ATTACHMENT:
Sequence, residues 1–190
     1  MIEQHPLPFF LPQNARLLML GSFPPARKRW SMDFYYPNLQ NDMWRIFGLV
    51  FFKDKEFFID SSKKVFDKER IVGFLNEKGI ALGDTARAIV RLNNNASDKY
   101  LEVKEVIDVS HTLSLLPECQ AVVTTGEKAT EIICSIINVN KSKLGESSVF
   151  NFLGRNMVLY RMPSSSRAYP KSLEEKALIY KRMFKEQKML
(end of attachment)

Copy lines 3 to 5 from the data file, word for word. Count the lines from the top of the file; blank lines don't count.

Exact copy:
    51  FFKDKEFFID SSKKVFDKER IVGFLNEKGI ALGDTARAIV RLNNNASDKY
   101  LEVKEVIDVS HTLSLLPECQ AVVTTGEKAT EIICSIINVN KSKLGESSVF
   151  NFLGRNMVLY RMPSSSRAYP KSLEEKALIY KRMFKEQKML